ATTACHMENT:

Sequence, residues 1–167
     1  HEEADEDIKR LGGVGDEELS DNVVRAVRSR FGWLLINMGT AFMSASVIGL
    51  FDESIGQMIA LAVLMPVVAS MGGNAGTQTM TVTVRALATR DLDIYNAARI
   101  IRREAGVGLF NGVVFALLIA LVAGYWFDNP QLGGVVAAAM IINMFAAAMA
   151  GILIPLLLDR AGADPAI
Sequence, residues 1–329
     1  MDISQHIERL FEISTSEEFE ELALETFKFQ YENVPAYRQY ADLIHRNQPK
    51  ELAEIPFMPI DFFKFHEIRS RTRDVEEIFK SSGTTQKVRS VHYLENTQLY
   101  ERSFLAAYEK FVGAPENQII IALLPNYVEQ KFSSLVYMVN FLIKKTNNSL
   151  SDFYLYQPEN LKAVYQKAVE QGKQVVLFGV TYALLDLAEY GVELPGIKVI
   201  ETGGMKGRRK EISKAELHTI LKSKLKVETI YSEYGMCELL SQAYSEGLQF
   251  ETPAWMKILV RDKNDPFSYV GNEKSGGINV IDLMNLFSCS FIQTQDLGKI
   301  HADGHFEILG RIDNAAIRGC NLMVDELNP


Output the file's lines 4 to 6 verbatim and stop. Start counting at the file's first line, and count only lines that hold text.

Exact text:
   101  IRREAGVGLF NGVVFALLIA LVAGYWFDNP QLGGVVAAAM IINMFAAAMA
   151  GILIPLLLDR AGADPAI
Sequence, residues 1–329